This pastoral scene, captured in 2016 at the former Greenham Common Royal Air Force station in Berkshire, England, is a far cry from the early 1980s, when 35,000 gathered to protest the World War II-era base's Cold War transformation into a US hosting ground for nearly 100 nuclear-armed cruise missiles.

The facility was closed in the 1990s.    

bases_greenham-common-tower
24 of 41 Julian Herbert/Getty Images

Unmanned

As seen in 2016, all is quiet and dark at the control tower near Greenham Common's former cruise-missile alert and maintenance area.  

bases_flixton
25 of 41 In Pictures Ltd./Corbis/Getty Images

Survivor

This painted map of the US is one of the reminders of the World War II partnership between the US Air Force and the Royal Air Force at the Bungay base in Suffolk, England. Bungay closed in the 1950s. 

bases_Brdy-3
26 of 41 Kurt Vinion/Getty Images

Cavernous

In the late 2000s, the United States considered but ultimately passed on setting up an anti-missile radar system in the abandoned Brdy Soviet military base in the Czech Republic.

bases_estonia
27 of 41 Josef F. Stuefer/Getty Images

Shattered glass

Another reminder of the Soviet Union's far-reaching military presence in Eastern Europe could be seen in 2011 in Paldiski, Estonia, at the site of an abandoned Soviet base.  

bases_boots
28 of 41 Mario Tama/Getty Images

In the sand

In 2011 in Iraq, the boot prints of US soldiers are about the only things left after the Americans headed out and turned over the former Camp Adder to local forces. 

bases_xray-interrogation
29 of 41 Mladen Antonov/AFP/Getty Images

No more questions

This was the interrogation room of the Camp X-Ray detention facility, as photographed in 2014. 

bases_habbaniyah
30 of 41 Chris Hondros/Getty Images

Pool closed

In Iraq in 2006, a ladder leads up from a bone-dry swimming pool at Camp Habbaniyah. Built by the British, the military base was fought over by various forces before its abandonment.

bases_xray-hospital
31 of 41 Paul J. Richards/AFP/Getty Images

Dead med

The former detainee hospital facility is shown at Camp X-Ray in 2007.

bases_shank
32 of 41 Scott Olson/Getty Images

Furniture, forlorn

Here's another memory left behind by the U.S. FOB Shank in Afghanistan: an abandoned building, and its empty porch, near the city of Pol-E Alam.

bases_xray-history
33 of 41 Bill O'Leary/Washington Post/Getty Images

X-ed out

Camp X-Ray was used in 2002 and 2003 to hold prisoners of war captured during the earliest days of the US-led war in Afghanistan. Always intended to be temporary digs, the camp gained notoriety for allegations of detainee mistreatment. 

bases_mirosov
34 of 41 AFP/Getty Images

Broken home

A barrack molders at a former Soviet army military base in Mirosov, near Plzen in the Czech Republic in 2007.

bases_plokstine
35 of 41 Thierry Tronnel/Corbis/Getty Images

Skeleton crew

In the Cold War-era Baltics, in what's now Lithuania, an estimated 10,000 Soviet soldiers built an underground ballistic-missile site. Today, the only Soviet soldiers there are the dummies that "staff" the abandoned facility turned museum.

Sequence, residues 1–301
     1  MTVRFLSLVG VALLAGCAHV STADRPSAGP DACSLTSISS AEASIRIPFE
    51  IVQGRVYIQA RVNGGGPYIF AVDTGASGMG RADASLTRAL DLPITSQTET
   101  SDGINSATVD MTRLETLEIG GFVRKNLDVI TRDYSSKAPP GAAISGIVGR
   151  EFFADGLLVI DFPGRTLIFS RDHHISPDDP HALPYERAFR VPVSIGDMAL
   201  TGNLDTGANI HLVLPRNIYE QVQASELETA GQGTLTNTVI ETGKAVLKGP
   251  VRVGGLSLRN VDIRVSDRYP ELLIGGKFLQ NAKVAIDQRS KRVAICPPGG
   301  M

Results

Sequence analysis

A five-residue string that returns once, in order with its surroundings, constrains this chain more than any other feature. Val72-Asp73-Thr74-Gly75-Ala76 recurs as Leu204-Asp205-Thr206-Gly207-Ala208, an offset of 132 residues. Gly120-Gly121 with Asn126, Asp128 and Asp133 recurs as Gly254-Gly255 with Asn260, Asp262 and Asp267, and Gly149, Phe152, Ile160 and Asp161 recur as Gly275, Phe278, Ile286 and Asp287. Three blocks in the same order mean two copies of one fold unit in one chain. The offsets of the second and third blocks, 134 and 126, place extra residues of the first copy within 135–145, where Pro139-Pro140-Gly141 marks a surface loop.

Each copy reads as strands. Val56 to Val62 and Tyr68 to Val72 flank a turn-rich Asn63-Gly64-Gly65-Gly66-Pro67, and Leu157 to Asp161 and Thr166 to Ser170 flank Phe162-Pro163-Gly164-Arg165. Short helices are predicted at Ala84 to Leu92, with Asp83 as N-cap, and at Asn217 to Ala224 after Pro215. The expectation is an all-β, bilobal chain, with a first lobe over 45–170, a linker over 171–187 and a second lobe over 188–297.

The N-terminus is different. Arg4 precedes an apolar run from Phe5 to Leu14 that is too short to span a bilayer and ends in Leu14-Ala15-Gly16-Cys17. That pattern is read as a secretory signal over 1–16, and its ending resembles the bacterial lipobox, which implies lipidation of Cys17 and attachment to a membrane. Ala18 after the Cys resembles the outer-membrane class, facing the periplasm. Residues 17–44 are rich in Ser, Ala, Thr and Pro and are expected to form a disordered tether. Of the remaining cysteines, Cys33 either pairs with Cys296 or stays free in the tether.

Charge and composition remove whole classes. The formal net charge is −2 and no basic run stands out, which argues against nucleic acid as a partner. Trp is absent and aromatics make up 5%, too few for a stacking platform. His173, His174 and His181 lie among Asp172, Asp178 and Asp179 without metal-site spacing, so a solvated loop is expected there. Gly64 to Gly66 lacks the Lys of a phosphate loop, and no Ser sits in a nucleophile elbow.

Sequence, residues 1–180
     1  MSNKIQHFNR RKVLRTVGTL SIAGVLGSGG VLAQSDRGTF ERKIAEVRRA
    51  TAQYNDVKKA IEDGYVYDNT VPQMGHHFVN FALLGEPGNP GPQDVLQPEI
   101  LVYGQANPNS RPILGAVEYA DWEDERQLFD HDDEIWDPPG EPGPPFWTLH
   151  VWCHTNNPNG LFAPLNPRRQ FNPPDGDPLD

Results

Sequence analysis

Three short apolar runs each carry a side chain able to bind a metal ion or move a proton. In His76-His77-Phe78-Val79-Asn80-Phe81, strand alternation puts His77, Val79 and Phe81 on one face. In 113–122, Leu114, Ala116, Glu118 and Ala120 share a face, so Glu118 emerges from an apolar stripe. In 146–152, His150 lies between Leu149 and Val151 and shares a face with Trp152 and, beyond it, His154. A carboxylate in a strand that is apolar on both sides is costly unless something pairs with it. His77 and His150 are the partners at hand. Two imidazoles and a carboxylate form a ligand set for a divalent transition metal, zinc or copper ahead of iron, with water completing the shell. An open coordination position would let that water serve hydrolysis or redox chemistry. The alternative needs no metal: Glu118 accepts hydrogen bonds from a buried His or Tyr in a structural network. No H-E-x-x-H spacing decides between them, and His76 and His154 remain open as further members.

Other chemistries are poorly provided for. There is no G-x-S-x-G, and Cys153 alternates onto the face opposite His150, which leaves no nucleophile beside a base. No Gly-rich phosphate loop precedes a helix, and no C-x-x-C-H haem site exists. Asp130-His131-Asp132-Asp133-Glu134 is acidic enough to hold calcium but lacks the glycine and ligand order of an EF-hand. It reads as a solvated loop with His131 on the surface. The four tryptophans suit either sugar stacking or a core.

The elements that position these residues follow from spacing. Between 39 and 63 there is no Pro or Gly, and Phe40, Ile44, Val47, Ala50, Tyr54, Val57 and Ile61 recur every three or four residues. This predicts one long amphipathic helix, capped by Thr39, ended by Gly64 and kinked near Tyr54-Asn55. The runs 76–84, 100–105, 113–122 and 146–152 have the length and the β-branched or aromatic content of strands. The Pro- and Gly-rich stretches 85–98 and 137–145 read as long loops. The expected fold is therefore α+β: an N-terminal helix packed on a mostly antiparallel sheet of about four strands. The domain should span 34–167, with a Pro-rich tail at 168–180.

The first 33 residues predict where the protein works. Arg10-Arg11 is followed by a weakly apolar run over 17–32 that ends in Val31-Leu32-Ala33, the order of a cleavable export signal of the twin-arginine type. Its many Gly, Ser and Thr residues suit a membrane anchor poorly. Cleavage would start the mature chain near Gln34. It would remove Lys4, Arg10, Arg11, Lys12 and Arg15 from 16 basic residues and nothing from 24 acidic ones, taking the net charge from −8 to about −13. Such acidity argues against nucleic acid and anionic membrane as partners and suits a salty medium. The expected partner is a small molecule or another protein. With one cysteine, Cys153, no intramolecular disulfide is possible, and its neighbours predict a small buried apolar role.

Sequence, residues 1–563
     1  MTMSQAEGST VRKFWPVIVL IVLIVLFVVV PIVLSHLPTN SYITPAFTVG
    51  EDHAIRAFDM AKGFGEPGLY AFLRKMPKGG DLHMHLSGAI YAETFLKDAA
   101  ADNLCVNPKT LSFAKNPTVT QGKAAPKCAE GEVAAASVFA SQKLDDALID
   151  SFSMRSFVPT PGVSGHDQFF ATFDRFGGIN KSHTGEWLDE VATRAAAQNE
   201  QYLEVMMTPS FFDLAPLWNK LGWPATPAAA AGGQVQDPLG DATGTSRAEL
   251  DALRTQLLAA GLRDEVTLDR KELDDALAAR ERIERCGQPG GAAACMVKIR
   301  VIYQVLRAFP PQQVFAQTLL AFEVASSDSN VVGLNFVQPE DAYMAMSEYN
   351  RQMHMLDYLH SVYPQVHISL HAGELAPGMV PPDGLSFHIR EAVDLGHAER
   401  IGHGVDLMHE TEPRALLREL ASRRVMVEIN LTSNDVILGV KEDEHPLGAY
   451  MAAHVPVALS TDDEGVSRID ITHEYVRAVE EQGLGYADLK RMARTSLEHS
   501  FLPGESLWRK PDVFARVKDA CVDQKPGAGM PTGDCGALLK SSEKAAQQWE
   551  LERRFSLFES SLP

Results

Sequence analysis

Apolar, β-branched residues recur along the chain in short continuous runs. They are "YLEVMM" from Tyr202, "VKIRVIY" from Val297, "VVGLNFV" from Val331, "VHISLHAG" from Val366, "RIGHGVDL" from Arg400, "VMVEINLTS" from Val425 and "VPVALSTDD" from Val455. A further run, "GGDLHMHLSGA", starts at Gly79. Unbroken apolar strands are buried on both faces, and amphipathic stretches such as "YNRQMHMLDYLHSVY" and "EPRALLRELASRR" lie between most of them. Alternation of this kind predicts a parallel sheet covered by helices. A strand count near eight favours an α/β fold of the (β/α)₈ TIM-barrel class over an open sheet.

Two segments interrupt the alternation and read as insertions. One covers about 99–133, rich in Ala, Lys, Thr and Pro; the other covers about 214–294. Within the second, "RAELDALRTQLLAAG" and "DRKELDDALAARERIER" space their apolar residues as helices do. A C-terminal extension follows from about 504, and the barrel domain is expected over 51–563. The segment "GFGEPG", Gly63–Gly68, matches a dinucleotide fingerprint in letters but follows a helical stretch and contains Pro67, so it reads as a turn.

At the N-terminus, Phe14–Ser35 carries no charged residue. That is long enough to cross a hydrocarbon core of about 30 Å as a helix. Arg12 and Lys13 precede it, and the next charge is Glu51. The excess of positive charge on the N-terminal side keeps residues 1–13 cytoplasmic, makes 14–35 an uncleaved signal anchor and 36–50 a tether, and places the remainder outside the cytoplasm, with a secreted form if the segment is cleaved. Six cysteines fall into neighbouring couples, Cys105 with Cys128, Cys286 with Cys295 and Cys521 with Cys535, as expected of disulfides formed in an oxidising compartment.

bases_brea
36 of 41 Don Kelsen/Los Angeles Times/Getty Images

Suburban decay

During the Cold War, 16 missile sites were installed in the Los Angeles area. Pictured are the graffiti-covered remains of LA-29, the site that stood at the ready in the Puente Hills near the L.A. County-Orange County border. LA-29 was deactivated in 1971. 

bases_portsmouth
37 of 41 Jack Milton/Portland Press Herald/Getty Images

Here's looking at you, kid

This is the battered entrance to the long-closed U.S. naval prison at the Portsmouth Naval Shipyard in KIttery, Maine. Opened in 1908, the so-called "Alcatraz of the East" housed more than 80,000 inmates over eight decades, and, legend has it, saw sailor Humphrey Bogart socked in the mouth by an inmate he was escorting through its halls. 

bases_skrunda-1
38 of 41 Dmitri Beliakov/Washington Post/Getty Images

Loss of command

This is the former command center of the Soviet army compound Skrunda-1, located in Latvia. According to London's Guardian, the last resident of the so-called "secret city" moved on in 1999.

bases_rostock
39 of 41 Richard Baker/In Pictures/Getty Images

On the run

When the Soviet Union collapsed in the early 1990s, soldiers were stranded in the sapped superpower's former territories. Defections were rampant. From the looks of this kitchen in a Soviet army camp in what was then East Germany, some defections were especially hasty. 

bases_everglades
40 of 41 Joe Raedle/Getty Images

Door to yesterday

This escape hatch is one of the remains of the US nuclear-missile site known as HM-69, located within Everglades National Park in Florida. HM-69 was an active site from 1964-1979. 

bases_subic
41 of 41 Marvi Lacar/Getty Images

Aftermath

From the late 1800s to the early 1990s, minus a break during World War II, the US military maintained its largest naval base outside of the United States at Subic Bay in the Philippines. Later, the former base was said to be a source of toxic waste, including asbestos, as pictured in 2006.  

More Galleries

New movies coming out in 2021: Netflix, Marvel and more

More Galleries

New movies coming out in 2021: Netflix, Marvel and more

65 Photos
Nintendo Switch: The 37 best games to play in 2021

More Galleries

Nintendo Switch: The 37 best games to play in 2021

38 Photos
2022 Toyota Tundra teasers give a glimpse of what's to come

More Galleries

2022 Toyota Tundra teasers give a glimpse of what's to come

8 Photos
2021 Harley-Davidson Sportster S is the face of H-D's sea change

More Galleries

2021 Harley-Davidson Sportster S is the face of H-D's sea change

45 Photos
Ghostbusters: Afterlife Plasma series unites the original team with new characters

More Galleries

Ghostbusters: Afterlife Plasma series unites the original team with new characters

15 Photos
Best dating apps of 2021

More Galleries

Best dating apps of 2021

13 Photos
2022 Acura MDX: Sharper and smarter

More Galleries

2022 Acura MDX: Sharper and smarter

29 Photos